• Commissioned notaries must not delegate notarization to other persons

    Persida Acosta

    Persida Acosta

    Dear PAO,
    My friend and I went to a notary public near our place to have our contract notarized. Unfortunately, the private lawyer was out of town at the time. We asked the tricycle drivers if there are other notaries nearby, but they only directed us to the town proper. When we got there, I saw one which appears to be a law office. I asked the person there if the lawyer was available to notarize our document. She said that the lawyer only goes there once a week, but she can process the notarization of my document as she normally does it for the lawyer. I was not sure if her proposal was okay, so I just told her that we will come back and made an excuse that our money was not enough for the notarial fee.

    We walked several meters and saw another law office. Luckily, the lawyer was there, and so we were able to have our contract notarized. My question is: Is it okay for private lawyers to delegate the processing of notarization to their liaisons? I am asking this, so that next time, if the same thing would happen to us at least we know the rules. Thank you and best regards.

    Dear CJ,
    “Notarial act” and “notarization” refer to any act which a notary public is empowered to perform under A.M. No. 02-8-13-SC, otherwise known as the 2004 Rules on Notarial Practice (Section 7, Rule II, Ibid.). It includes carrying out acknowledgments, oaths and affirmations, jurats, signature witnessings, copy certifications and any other act that is authorized by said Rules (Section 1, Rule IV, Id.).

    It bears stressing that only those who have lawfully secured notarial commission from an Executive Judge may perform notarial acts. It cannot be assigned or delegated to any other person for the very reason that such commission is only granted to those who qualify and are eligible thereof. Such commission is likewise limited only for the period to which such authority was granted.

    Our Supreme Court has repeatedly explained, as it did in the case of Carlito Ang vs. Atty. James Joseph Gupana (penned by Former Associate Justice Martin S. Villarama, Jr., A.C. No. 4545, February 5, 2014), that notarization of a document is not an empty act or routine. Citing Bernardo v. Atty. Ramos (433 Phil. 8), the Court held:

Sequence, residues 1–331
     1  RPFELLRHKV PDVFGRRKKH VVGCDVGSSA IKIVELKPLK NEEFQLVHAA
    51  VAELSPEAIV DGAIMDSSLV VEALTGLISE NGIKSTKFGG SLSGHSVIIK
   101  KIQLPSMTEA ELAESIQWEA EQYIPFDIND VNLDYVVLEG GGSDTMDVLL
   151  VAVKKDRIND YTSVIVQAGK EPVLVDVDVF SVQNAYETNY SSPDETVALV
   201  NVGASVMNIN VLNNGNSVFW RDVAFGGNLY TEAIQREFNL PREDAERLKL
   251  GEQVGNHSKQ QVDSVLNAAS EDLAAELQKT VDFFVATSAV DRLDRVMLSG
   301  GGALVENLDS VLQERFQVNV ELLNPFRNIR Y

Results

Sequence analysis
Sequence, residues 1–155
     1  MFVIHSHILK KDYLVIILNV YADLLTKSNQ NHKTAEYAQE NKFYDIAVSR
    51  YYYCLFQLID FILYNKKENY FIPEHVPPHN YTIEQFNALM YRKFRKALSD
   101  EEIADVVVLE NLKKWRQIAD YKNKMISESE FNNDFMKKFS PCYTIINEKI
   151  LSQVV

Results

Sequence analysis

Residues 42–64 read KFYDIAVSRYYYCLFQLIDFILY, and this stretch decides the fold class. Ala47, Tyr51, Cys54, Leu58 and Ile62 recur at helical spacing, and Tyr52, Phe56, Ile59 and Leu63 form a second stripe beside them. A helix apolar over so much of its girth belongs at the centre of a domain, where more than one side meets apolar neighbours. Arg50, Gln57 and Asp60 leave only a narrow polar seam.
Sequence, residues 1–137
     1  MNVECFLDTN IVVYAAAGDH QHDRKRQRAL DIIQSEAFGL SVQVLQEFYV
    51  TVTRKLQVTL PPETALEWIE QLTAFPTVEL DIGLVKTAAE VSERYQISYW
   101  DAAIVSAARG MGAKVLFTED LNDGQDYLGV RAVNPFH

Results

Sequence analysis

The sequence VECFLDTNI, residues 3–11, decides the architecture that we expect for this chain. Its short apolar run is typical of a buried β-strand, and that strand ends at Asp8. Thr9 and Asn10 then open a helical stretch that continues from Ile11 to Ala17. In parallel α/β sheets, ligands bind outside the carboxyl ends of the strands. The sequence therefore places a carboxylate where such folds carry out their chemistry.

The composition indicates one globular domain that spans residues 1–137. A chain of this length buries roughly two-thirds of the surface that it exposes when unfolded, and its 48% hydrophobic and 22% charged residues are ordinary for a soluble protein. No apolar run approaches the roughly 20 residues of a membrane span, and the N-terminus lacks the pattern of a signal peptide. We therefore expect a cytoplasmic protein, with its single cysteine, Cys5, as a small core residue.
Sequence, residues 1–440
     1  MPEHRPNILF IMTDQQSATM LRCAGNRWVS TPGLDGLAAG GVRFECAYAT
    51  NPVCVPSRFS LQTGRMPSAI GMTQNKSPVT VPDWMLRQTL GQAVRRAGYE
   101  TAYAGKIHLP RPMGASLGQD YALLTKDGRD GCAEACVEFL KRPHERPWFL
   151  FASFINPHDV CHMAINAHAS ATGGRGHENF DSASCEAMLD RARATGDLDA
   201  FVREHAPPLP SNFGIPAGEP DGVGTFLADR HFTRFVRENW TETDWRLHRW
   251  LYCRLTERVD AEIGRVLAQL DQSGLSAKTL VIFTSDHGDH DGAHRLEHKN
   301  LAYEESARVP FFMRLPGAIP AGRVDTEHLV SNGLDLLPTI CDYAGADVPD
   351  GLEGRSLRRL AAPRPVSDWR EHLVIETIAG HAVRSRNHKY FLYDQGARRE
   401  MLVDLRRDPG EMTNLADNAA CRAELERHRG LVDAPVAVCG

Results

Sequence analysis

“x x x The importance attached to the act of notarization cannot be overemphasized. Notarization is not an empty, meaningless, routinary act. It is invested with substantive public interest, such that only those who are qualified or authorized may act as notaries public. Notarization converts a private document into a public document thus making that document admissible in evidence without further proof of its authenticity. A notarial document is by law entitled to full faith and credit upon its face. Courts, administrative agencies and the public at large must be able to rely upon the acknowledgment executed by a notary public and appended to a private instrument. x x x” (Emphasis supplied)

    Taking these into consideration, it can be gainsaid that it is an improper and reprehensible practice for lawyers to delegate the processing of notarization to their liaison officers, secretaries or clerks. They must personally perform the notarial acts themselves. If they are proven to have engaged in such misconduct, they may be disciplined and penalized accordingly, such as by revoking their notarial commission, disqualifying them from again being commissioned as a notary public and/or suspension from the practice of law.

    We hope that we were able to answer your queries. Please be reminded that this advice is based solely on the facts you have narrated and our appreciation of the same. Our opinion may vary when other facts are changed or elaborated.

    Editor’s note: Dear PAO is a daily column of the Public Attorney’s Office. Questions for Chief Acosta may be sent to dearpao@manilatimes.net


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